ORA-07445 error in a merge query results in terminated connection and server-side core dump

ORA-07445 Error in a MERGE query

ORA-03113: end-of-file on communication channel. This was the error that greeted me after many hours work converting some PL/SQL scripts to run as a package of functions, views and stored procedures.

My first thought was actually that something or someone had terminated my connection to the database. Given that I was working on a DEV/TEST instance, I wouldn’t necessarily have expected to be notified about a momentary disruption to service. After reconnecting and repeating the same and other queries, it became clear the only thing causing this was one of the procedures in a package I had written.

I tried a few changes without any success and then decided to call it a day, with the intention of speaking to the one of the DBAs the following day to see if they could provide any further information.

As it turned out, I didn’t have get in touch with the DBAs… The next morning they were already looking for me!

It turns out that the error which had been unexpectedly terminating my connection had been causing an access violation followed by a core dump on the server. Of course this is the kind of thing that raises all kind of alerts even on a development/test instance.

The DBA who got in touch provided me with a section of the server alert log, which contained the following error:

When running from PL/SQL developer, the error reported on the client side was just ORA-03113: end-of-file on communication channel (together with the process and session IDs).
Running the same from other clients gave the even less helpful message: “Error report: No more data to read from socket”.
Even with the ORA-07445 exception alert message from the server logs, the cause was by no means obvious.
My web searches didn’t turn up any useful suggestions either. It was beginning to look like I would have to get the DBA to raise a support incident with Oracle and wait to hear back.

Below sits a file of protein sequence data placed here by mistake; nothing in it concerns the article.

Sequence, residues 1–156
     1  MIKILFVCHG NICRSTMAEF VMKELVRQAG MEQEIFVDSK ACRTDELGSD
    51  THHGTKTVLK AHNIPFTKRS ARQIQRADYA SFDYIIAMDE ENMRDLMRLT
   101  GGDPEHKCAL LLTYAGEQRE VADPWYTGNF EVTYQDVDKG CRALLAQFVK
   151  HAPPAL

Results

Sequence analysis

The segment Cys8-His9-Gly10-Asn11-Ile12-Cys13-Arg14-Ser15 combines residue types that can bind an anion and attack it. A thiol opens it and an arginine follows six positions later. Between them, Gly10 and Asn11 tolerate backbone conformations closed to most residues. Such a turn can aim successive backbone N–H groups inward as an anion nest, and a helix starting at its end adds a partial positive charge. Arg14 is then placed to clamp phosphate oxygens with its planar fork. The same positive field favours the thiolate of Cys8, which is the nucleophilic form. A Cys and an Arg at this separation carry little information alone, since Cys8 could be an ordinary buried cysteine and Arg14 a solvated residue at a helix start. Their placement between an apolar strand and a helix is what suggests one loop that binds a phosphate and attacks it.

At the customer’s site, I had been working on an Oracle 11g Standard Edition (11.2.0.4.0, Windows, 64bit).
Back home in the evening, I decide to write a test based on the same query, but simplified as much as possible while still retaining the essential aspects of what the original had been doing.
I ran it on a personal instance of Oracle Database 12c (12.1.0.1.0, Windows, 64bit).

The response was exactly the same:

With the freedom to experiment more freely on my own instance, I could try as many variations as I needed without risk of incurring the wrath of the DBAs over the CPU and disk load that occurs during a core dump.

I managed to reduce the code to a simple example which still produced the same error. With a further bit of trial and error, I was able discover the cause (and thus the workaround).

Before showing you what I had done wrong, let’s take a look at the fixed version which demonstrates a very simple use of the MERGE statement.

First, a table and initial test data:

In case you’re not familiar with the MERGE statement, the TL;DR on it is that it allows you to perform UPDATE, INSERT, and DELETE actions on the same table in single SQL statement.

For this example, I chose only to insert and update.
Using a list of Ids, the example will either insert a new row if the value does not exist in the column ut_id, and if it does exist then it will update the value of some_text.

The input for the merge will be:

That simple sequence can be produced with the following query:

Our desired output for this test will be:

All of which can be done in a single SQL statement:

So, now that we have a simple working example, lets look at what I did differently and what caused it to fail.

The first difference is that my query was coded in a package, using a refcursor passed in as a parameter, and then performing the merge in in a loop using a bulk collect.
Here is an example using a local cursor which, though simplified from the original code, is sufficient to illustrate the issue:

This code works, and performs the merge with the same results as the first example.

Now, to the problem:

When writing the code that failed, I had been converting it from legacy code that performed the complete set of inserts and then the updates in separate loops and separate transactions.

The insert statement had also included query hints for a Direct-Path insert, which I retained on the MERGE statement:
(the highlighted line)

This was what caused the exception.

From the client side, the only error information you receive is:

It is only the alert logs and incident report that show the ORA-07445 error code and associated details.

What happens if we try the same hint on our original single-statement merge query?

It works, without an error:

If, prior to committing those changes we attempt to run the same statement again, or even just select from the table, then we hit the following error:

Beware of query hints!
(…and the Oracle bugs you haven’t found yet)

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